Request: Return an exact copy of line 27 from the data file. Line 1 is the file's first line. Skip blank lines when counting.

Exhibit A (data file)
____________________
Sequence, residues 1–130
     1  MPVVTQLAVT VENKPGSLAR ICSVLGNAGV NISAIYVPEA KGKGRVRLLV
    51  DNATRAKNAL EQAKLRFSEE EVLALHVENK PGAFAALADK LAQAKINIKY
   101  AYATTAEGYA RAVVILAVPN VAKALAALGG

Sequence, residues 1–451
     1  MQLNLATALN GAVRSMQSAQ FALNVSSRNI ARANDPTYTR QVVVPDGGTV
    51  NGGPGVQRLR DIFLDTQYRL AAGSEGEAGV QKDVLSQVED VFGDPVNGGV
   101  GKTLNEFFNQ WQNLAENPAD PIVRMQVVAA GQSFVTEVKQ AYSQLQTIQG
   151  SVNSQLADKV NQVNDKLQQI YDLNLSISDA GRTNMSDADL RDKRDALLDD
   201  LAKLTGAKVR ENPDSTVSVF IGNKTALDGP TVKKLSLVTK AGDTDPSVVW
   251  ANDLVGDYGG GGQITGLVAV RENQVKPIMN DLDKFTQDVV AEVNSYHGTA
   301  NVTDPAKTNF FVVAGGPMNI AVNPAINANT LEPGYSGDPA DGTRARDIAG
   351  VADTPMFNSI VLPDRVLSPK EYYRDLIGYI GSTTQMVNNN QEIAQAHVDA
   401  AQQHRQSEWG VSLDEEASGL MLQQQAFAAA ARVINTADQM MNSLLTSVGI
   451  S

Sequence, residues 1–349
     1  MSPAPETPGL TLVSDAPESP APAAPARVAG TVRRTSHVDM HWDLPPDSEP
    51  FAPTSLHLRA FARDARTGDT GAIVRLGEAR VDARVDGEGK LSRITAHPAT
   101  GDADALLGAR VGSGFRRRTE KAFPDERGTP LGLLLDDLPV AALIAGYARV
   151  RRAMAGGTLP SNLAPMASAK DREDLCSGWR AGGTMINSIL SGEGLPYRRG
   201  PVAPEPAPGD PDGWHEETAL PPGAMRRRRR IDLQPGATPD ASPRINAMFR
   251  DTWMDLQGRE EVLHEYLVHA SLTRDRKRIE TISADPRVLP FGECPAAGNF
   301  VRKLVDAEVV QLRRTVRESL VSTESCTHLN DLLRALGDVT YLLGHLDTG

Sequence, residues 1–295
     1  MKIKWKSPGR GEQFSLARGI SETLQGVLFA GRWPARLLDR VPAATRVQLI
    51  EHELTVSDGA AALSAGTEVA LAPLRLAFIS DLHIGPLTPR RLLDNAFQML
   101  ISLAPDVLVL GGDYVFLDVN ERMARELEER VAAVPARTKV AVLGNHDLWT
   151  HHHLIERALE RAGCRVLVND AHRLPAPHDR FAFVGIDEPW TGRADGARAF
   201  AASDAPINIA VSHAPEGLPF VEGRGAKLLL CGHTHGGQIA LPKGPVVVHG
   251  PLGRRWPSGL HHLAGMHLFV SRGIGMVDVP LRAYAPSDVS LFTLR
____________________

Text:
   101  ISLAPDVLVL GGDYVFLDVN ERMARELEER VAAVPARTKV AVLGNHDLWT